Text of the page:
Dear Joe Hall,

I've been following your story for the past 4 years. We've never met but we share experiences in the same college ministry. Although I left this ministry back in 2008, we continue to share mutual Facebook friends, which provided me the opportunity to hear your story and carry it along with my own.

You were 21-years old when you discovered you had cancer in May 2011. I was 24 and had also discovered a tumor in the same week. Although we had a completely different diagnosis, in many ways, I always felt that we began our journeys together. As I went forward into my own surgeries and treatment, I carried your story with me as company to my own. 

When I began my journey, I took on a warrior spirit. I hardly let myself feel it as it was happening and did not entertain for a heartbeat the option of dying or not getting better. Partially, this was because I was never given as grave a prognosis as you were. Partially because I don't know of any other way one is to proceed after receiving news like that. As I brought you on my journey, I held you to the same hope, standard and expectation that I had for myself. If I was going to be okay, you were going to be okay. You had to. I did not know how to have hope for myself without having equal hope for you.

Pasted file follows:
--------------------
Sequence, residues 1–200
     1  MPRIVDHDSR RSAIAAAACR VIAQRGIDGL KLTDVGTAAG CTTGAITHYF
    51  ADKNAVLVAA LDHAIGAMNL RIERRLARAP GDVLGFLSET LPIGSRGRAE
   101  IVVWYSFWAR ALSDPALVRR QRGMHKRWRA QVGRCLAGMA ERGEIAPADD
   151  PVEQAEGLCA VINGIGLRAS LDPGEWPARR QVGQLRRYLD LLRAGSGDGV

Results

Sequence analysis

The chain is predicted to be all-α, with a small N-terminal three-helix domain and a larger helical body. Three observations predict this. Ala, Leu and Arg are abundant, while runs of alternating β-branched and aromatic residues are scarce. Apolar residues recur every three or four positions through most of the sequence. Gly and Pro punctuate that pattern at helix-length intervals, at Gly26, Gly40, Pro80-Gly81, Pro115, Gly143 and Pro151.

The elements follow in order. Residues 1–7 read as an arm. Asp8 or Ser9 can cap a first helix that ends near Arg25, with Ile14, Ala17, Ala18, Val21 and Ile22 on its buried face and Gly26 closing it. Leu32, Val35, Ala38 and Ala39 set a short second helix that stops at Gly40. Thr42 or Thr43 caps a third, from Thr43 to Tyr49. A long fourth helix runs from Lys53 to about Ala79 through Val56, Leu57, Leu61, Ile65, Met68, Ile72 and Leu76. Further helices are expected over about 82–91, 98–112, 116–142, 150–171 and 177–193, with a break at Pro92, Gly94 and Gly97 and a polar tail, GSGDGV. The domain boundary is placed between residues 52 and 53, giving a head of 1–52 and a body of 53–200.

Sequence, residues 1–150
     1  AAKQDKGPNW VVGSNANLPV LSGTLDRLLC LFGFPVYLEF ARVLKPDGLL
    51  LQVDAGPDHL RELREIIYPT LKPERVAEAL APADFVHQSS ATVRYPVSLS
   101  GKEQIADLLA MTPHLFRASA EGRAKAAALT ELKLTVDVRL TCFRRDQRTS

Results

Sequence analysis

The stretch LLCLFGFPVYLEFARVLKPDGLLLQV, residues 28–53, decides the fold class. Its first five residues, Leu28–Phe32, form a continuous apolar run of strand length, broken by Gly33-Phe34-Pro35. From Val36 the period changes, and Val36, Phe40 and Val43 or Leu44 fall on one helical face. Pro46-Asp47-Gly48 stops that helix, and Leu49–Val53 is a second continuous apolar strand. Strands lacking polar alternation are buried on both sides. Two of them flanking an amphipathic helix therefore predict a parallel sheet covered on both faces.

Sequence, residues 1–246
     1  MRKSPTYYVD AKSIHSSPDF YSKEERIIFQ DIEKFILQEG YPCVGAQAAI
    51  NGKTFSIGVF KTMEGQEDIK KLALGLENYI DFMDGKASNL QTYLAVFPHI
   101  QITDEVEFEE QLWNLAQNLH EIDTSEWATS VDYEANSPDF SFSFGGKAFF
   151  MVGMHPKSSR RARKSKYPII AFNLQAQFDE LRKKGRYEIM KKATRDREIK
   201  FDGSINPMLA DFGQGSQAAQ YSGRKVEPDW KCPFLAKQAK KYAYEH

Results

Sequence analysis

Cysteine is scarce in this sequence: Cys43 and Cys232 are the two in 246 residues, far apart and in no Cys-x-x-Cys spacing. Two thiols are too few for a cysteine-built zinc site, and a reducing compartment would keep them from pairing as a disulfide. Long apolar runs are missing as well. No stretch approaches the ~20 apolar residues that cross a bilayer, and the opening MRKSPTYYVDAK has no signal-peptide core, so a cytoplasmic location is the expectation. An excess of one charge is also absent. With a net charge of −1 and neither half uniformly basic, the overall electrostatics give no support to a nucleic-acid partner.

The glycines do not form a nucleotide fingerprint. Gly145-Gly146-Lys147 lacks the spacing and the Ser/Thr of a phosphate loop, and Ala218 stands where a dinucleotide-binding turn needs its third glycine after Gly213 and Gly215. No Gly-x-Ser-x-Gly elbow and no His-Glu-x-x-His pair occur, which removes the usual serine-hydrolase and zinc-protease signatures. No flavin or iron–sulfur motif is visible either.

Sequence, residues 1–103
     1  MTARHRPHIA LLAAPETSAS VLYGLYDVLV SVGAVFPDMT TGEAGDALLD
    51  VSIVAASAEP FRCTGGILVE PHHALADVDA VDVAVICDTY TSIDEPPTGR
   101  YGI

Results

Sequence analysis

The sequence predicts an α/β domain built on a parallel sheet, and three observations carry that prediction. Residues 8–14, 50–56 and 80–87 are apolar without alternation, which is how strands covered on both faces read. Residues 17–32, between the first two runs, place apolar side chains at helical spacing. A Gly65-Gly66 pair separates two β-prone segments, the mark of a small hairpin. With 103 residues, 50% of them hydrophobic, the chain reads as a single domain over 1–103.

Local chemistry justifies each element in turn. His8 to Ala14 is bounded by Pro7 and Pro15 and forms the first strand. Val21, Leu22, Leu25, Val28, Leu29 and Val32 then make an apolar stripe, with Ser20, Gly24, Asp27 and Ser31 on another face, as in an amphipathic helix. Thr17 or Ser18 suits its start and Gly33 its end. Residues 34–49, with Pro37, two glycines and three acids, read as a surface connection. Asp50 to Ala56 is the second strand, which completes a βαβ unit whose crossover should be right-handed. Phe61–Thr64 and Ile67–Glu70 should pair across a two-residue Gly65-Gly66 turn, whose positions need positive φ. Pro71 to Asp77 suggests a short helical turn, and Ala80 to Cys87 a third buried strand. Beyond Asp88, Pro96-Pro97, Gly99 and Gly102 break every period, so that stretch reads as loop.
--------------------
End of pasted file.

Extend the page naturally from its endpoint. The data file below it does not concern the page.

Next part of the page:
Although I am still healing to this day, six months after my diagnosis, my treatment was successful and complete and I was given permission to return to my normal life. You, however, were not there yet. But as I saw you continue to beat the odds with thousands of people praying on your behalf, I rejoiced and had the most confidence that your return to health was on its way. 

Then a year passed and you were still fighting. I began to feel guilty that I wasn't. I remember sitting at my dining room table on my lunch breaks reading the updates of your gruesome treatment journey and feeling completely helpless. I had given up praying back in 2009 when I left the ministry but I took it back up when my desperation for you had no where else to turn. I begged, pleaded and made demands of this supposedly all-powerful, loving God that I didn't trust with an ounce of my being but you seemed to trust with every ounce of yours. Heal him already! Dammit, just heal him! He's actually devoted to you! Give him the same grace you gave me.